Ixiles: Voices from the Shadows of Time is an evolving video essay and collaborative visual ethnography created by Alejandro M. Flores Aguilar. The culmination of over a decade of ethnographic work, it critically examines the history of Indigenous resistance in the Ixil region of Guatemala, from the anti-colonial struggles of the sixteenth century through the revolutionary insurgencies of the mid-twentieth century and beyond. These practices of resistance continue today, especially through the ancestral Indigenous authorities (Indigenous Mayors of the Ixil Territory), which continue to oppose the penetration of extractive capitalism and new forms of territorial usurpation.
The project delves deep into the atmospheric landscape of the Ixil territory, reflecting the clandestine immersion of the “guerrilleros” during times of conflict. But it also poses a critical question: from what place can the Indigenous former guerrillero speak? Interweaving 23 life (hi)stories of former “guerrilleros” and resistance members, the project explores the complex interplay of war, memory, testimony, life stories, and intergenerational dialogue in the Ixil reality.
Filmmaker Alejandro M. Flores Aguilar will join moderator Giovanni Batz (Chicana and Chicano Studies, UCSB) for a special screening and discussion of this work in progress.
Filmmaker Alejandro M. Flores Aguilar
Dr. Alejandro M. Flores Aguilar earned his Ph.D. in social anthropology from the University of Texas at Austin. His work focused on collaborative methods, Cold War indigenous politics, and visual ethnography. From 2012 to 2017, his research at the University of Texas was anchored around his dissertation, “They Didn’t Win the War: Aesthetics and Infrastructure in Post-Counterinsurgency Guatemala.” Additionally, he trained as a political and cultural sociologist at the Free University of Berlin. His accolades include the CSMCH-IASH Postdoctoral Fellowship, the Wenner-Gren Dissertation Grant, and the Fulbright Ph.D. grant. He currently serves as a postdoctoral researcher at the University of Edinburgh’s School of History, Classics, and Archaeology. He has lectured on a range of subjects including biopolitics, visual methods, contemporary anthropological theory, and political anthropology. His scholarly output also boasts numerous articles and co-edited volumes.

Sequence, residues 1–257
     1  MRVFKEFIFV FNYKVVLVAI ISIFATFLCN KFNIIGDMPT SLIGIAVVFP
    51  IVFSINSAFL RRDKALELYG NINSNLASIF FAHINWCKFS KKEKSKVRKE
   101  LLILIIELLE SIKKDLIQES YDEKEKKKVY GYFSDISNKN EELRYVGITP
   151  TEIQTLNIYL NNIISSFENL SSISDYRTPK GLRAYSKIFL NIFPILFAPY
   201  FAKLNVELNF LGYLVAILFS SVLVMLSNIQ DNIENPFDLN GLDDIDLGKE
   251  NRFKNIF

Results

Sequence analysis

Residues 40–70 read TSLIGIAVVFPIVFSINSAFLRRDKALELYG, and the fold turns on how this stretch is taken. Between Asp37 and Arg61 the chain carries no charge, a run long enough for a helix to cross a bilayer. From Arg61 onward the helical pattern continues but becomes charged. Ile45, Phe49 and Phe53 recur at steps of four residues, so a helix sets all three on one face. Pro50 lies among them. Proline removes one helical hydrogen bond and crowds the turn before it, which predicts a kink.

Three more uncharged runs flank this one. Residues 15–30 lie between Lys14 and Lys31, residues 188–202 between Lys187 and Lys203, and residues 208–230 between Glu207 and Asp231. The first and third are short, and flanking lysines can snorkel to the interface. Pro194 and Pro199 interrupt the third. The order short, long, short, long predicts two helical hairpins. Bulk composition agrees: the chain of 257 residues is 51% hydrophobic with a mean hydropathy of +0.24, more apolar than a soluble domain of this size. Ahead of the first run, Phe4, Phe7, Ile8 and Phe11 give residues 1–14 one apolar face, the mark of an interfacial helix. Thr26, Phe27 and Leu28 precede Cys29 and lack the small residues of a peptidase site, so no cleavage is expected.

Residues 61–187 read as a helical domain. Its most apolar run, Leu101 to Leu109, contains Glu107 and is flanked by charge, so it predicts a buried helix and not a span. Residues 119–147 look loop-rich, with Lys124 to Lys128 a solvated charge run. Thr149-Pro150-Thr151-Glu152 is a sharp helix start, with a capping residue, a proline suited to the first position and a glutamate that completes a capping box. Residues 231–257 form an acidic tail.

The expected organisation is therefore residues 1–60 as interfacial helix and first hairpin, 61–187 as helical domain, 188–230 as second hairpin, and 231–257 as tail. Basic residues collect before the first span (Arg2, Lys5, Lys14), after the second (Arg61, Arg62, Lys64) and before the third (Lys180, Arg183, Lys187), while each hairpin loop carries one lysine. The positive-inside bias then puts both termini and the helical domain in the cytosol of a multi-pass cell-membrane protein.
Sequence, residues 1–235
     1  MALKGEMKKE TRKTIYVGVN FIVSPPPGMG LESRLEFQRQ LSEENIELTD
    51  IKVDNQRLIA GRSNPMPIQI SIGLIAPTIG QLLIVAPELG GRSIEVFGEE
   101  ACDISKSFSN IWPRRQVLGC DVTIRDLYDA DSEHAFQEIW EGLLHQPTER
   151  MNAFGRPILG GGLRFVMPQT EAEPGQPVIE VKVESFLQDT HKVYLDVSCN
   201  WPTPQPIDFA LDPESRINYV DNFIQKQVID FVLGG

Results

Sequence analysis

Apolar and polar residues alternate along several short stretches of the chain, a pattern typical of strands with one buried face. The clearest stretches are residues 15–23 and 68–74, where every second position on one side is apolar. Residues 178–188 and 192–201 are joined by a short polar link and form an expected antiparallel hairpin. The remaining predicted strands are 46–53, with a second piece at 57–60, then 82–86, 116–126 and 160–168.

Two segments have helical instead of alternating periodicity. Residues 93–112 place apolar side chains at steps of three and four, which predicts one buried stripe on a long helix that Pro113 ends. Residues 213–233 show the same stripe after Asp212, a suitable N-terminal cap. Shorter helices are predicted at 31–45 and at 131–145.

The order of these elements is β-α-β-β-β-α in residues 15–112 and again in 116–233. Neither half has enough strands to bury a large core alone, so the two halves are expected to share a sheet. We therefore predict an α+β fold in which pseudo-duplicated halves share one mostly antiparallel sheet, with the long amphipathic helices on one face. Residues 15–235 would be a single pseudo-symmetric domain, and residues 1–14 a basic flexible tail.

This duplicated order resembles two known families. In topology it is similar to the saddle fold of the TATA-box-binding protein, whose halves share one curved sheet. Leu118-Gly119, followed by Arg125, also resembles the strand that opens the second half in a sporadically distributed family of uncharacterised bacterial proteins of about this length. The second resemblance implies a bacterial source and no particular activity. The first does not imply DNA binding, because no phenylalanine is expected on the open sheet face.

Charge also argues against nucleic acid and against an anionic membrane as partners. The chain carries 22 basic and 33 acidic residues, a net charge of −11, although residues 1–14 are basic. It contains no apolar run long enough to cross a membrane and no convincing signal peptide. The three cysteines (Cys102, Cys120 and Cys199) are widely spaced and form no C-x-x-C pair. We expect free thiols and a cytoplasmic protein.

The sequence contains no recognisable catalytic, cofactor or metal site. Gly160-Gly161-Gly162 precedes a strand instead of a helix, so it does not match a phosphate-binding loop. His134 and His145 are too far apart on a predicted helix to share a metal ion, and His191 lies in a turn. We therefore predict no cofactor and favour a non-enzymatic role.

Since 2020, he has engaged deeply with “Raised Gaze in Ixil Time,” a visual anthropological endeavor spotlighting the Maya-Ixil People’s politicization during the 1970s and 1980s, with support from the Wenner-Gren Fejos Postdoctoral Fellowship in Ethnographic Film. In 2022 and 2023, Dr. Flores took on the role of Director of Graduate Studies for the Department of Humanities at Universidad Rafael Landívar. In 2023, he embarked on a collaborative project titled “Komon Sajbichil: Indigenous Cartographies in the Cold War,” working alongside Dr. Julie Gibbings.
Moderator Giovanni Batz (Chicana and Chicanao Studies, UCSB)
Dr. Giovanni Batz is an Assistant Professor in the Department of Chicana and Chicano Studies at the University of California, Santa Barbara. He is the author of La Cuarta Invasion (2022) published by Asociación para el Avance de las Ciencias Sociales in Guatemala. Batz’s publications have focused on human and indigenous rights, extractivist industries, Guatemalan history, and U.S. foreign policy in Central America.
This event is sponsored by the Carsey-Wolf Center and the Department of Chicana and Chicano Studies.
Media are global by nature; they express culture just as much as they transcend borders. The CWC Global series is dedicated to showcasing media from around the world. This series features screenings and events that place UCSB in conversation with international media makers and global contexts across our deeply connected world.